[whatwg] Web Addresses vs Legacy Extended IRI
julian.reschke at gmx.de
Mon Mar 23 14:16:21 PDT 2009
Ian Hickson wrote:
> [cc'ed DanC since I don't think Dan is on the WHATWG list, and he's the
> editor of the draft at this point]
> On Mon, 23 Mar 2009, Julian Reschke wrote:
>>> For example, curl will not refuse to fetch the URL
>>> http://example.com/% despite that URL being invalid.
>> Should it refuse to?
> The URI/IRI specs don't say, because they don't cover error handling.
> This is what the Web addresses spec is supposed to cover. It doesn't
> change the rules for anything that the URI spec defines, it just also says
> how to handle errors.
> That way, we can have interoperability across all inputs.
> I personally don't care if we say that http://example.com/% should be
> thrown out or accepted. However, I _do_ care that we get something that is
> widely and uniformly implemented, and the best way to do that is to write
> a spec that matches what people have already implemented.
I'm OK with doing that for browsers.
I'm *very* skeptical about the idea that it needs to be the same way
>>> Thus, we need a spec they are willing to follow. The idea of not
>>> limiting it to HTML is to prevent tools that deal both with HTML and
>>> with other languages (like Atom, CSS, DOM APIs, etc) from having to
>>> have two different implementations if they want to be conforming.
>> I understand that you want everybody to use the same rules, and you want
>> these rules to be the ones needed for HTML content. I disagree with
> I want everyone to follow the same rules. I don't care what those rules
> are, so long as everyone (or at least, the vast majority of systems) are
> willing to follow them. Right now, it seems to me that most systems do the
> same thing, so it makes sense to follow what they do. This really has
> nothing to do with HTML.
Your perspective on "most systems" differs from mine.
>> Do not leak that stuff into places where it's not needed.
> Interoperability and uniformity in implementations is important
> everywhere. If there are areas that are self-contained and never interact
> with the rest of the Internet, then they can do whatever they like. I do
> not believe I have ever suggested doing anything to such software.
> However, 'curl' obviously isn't self-contained; people will take URLs from
> e-mails and paste them into the command line to fetch files from FTP
> servers, and we should ensure that this works the same way whether the
> user is using Pine with wget or Mail.app with curl or any other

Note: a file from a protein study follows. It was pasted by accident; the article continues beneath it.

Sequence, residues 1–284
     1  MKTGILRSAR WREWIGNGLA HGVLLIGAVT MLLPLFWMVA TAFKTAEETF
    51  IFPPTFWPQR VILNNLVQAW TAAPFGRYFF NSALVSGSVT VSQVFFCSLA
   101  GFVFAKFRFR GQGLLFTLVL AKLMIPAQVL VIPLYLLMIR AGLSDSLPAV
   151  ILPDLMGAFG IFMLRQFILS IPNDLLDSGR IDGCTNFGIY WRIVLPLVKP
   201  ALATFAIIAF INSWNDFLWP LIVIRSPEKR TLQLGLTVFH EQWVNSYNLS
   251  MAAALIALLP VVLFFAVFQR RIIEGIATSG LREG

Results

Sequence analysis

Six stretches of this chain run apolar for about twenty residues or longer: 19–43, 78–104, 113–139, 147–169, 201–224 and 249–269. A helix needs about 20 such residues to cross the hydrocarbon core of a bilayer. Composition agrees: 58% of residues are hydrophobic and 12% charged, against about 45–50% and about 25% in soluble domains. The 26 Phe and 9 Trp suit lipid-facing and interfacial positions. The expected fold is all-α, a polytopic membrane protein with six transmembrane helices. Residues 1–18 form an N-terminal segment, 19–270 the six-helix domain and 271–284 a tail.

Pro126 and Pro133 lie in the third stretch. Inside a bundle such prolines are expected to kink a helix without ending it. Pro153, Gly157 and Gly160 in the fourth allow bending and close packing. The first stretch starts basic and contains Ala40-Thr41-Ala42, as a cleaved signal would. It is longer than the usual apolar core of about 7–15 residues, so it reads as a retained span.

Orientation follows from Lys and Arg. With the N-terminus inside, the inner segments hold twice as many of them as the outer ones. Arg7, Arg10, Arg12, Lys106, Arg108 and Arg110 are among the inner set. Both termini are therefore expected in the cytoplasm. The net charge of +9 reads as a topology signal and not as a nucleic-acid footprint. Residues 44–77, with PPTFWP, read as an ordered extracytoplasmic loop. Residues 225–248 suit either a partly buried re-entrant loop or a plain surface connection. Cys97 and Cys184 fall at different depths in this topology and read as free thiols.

> combination of mail client and download tool.
How many people paste URLs into command lines? And of these, how many
remember that they likely need to quote them?
>> For instance, there are lots of cases where the Atom feed format can be
>> used in absence of HTML.
> Sure, but the tools that use Atom still need to process URLs in the same
> way as other tools. It would be very bad if a site had an RSS feed and an
> Atom feed and they both said that the item's URL was http://example.com/%
> but in one feed that resulted in one file being fetched but in another it
> resulted in another file being fetched.
Yes, that would be bad.
However, what seems to be more likely is that one tool refuses to fetch
the file (because the URI parser didn't like it), while in the other
case, the tool puts the invalid URL on to the wire, in which case the
server's behavior decides.
I think this is totally ok, and the more tools reject the URL early, the
>>>> If you think it's worthwhile, propose that change to the relevant
>>>> standards body (in this case IETF Applications Area).
>>> This was the first thing we tried, but the people on the URI lists
>>> were not interested in making their specs useful for the real world.
>>> We are now routing around that negative energy. We're having a meeting
>>> later this week to see if the IETF will adopt the spec anyway, though.
>> Adopting the spec is not the same thing as mandating its use all over
>> the place.
> I think it is important that we have interoperable use of URLs in the
> transitive closure of places that use URLs, starting from any common
> starting point, like the "URL in an e-mail" example above. I believe this
> includes most if not all Internet software. I also believe that in
> practice most software is already doing this, though often in subtly
> different ways since the URI and IRI specs did not define error handling.
If the consequence of this is that invalid URLs do not interoperate,
then I think this is a *feature*, not a bug.
Best regards, Julian
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